Housing in downtown has already increased dramatically in the past year, with 210 housing units either newly open or under construction, representing a more than 16 percent increase in overall housing stock. All of these new units are shifting the balance between affordable and upscale housing in downtown. Until recently, 80 to 85 percent of housing there was either directly subsidized or classified as affordable housing. Now that number is closer to 70 percent. And city officials want to see even more market rate housing built going forward.

For many, these changes trigger fears of gentrification and rent hikes similar to the transformations seen in cities like Seattle and Portland, threatening Olympia’s identity as an affordable cultural hub. As the economy picks up speed after a nearly decade-long recession, Olympia is sandwiched between two of the fastest growing cities in the country. In Seattle—which just overtook Boston in population—rent and housing prices are quickly climbing out of reach. Investors from all over the world are pouring money into the Puget Sound real estate market, fueling worries that gentrification will metastasize to Washington’s capitol, foreshadowed by projects like the 123-4th Building.

“Olympia is in a weird transition phase,” Max Brown told me recently over lunch at a taqueria in Tumwater. Brown is one of the people heavily involved in strategizing Olympia’s future as chair of the Olympia Planning Commission, a group of volunteers appointed by the City Council to advise them on implementing the Comprehensive Plan and a variety of other planning issues. “We want to see our downtown transition a little bit, but we don’t want to lose our culture in Olympia. People do want to see a safer downtown, but not at the expense of turning us into a city that we’re not.”

Brown is something of rising prodigy in the Olympia political scene. A boyish 25 year old, it only took him a couple months after joining the Planning Commission to be elected its youngest ever chair. He’s an almost cartoonishly wholesome guy. Married to his sweetheart from Capitol High School, he’s a vegan and a triathlete. When I asked if he planned to run for City Council, he shrugged it off with a modest smile, citing obligations to his young family.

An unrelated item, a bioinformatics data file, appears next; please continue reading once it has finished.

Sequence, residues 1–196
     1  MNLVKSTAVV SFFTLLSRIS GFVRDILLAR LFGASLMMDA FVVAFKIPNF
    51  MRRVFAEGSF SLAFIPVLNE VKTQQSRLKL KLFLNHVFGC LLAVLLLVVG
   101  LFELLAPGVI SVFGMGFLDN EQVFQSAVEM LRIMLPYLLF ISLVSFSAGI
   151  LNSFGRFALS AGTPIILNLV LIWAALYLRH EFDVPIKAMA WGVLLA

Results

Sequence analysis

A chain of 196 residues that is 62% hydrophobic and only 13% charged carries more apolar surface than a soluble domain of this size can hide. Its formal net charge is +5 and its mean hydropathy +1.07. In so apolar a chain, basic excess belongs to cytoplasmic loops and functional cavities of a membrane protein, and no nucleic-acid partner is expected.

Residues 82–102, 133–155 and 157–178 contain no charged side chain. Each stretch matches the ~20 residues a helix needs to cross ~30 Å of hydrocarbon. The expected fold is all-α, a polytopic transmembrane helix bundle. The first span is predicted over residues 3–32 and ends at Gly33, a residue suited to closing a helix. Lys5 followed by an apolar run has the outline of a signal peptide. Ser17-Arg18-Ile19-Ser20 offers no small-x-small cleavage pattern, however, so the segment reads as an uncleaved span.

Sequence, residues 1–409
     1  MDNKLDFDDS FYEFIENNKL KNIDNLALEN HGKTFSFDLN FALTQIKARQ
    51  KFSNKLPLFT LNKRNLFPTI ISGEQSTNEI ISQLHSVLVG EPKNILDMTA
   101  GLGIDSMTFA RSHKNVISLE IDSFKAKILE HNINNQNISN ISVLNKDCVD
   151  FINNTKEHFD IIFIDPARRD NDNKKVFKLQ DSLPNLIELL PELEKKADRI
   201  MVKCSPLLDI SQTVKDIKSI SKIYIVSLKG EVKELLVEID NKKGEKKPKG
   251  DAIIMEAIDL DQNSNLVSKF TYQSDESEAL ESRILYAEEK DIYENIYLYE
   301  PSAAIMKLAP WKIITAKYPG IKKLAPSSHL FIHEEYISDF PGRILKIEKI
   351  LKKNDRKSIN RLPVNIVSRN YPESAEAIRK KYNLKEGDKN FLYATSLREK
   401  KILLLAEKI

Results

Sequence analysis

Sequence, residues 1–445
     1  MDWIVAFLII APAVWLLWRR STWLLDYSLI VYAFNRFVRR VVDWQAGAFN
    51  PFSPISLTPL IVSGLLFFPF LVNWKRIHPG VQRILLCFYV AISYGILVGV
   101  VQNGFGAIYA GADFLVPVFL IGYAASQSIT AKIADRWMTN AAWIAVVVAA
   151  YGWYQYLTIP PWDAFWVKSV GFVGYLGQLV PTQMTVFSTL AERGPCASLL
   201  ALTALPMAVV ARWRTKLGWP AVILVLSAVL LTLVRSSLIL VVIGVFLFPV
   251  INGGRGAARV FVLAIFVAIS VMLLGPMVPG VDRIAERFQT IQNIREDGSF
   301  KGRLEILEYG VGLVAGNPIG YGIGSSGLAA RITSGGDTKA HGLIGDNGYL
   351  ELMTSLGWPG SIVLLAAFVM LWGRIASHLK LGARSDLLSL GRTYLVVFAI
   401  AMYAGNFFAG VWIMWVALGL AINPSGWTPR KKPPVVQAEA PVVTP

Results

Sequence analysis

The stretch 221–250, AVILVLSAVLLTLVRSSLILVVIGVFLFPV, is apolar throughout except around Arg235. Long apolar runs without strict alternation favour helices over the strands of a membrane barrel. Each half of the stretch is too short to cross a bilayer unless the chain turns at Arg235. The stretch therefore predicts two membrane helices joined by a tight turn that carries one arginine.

“I’ve heard from the community that Olympia has its quirks and its problems, but that’s also what makes Olympia unique,” he said. “So how do you hold that tension between having a safer, more welcoming downtown for families, where it doesn’t become corporate, yuppy, you know, Kirkland or something? Olympia has its own culture and you have to make sure it doesn’t die.”

In trying to get a wider segment of Olympians to live downtown, city hall is working aggressively to address perceptions that downtown is dangerous and unclean. That narrative was reinforced by a high-profile article The Olympia ran in September 2014 by Andy Hobbs titled “Downtown Olympia: Taking back the streets.” It depicted the neighborhood as becoming overrun with frightening criminals, drug addicts, and transients, sidewalks littered with dirty needles, and “blood on business doors.”

“The city is a center for government and commerce, culture and entertainment. In recent years, it’s also grown a grittier side,” Hobbs wrote. “The homeless and the criminal are blamed for driving people from downtown, forcing retailers to close and keeping police hopping.”

Recently, the city has put forward efforts like the Downtown Ambassador Program, police walking patrols, increased penalties for drug possession, banning camping on city property, and anti-graffiti teams in attempts to render the neighborhood more palatable to middle class sensibilities. Critics say these measures criminalize homeless and other marginalized people, and tend to exacerbate social issues rather than solve them.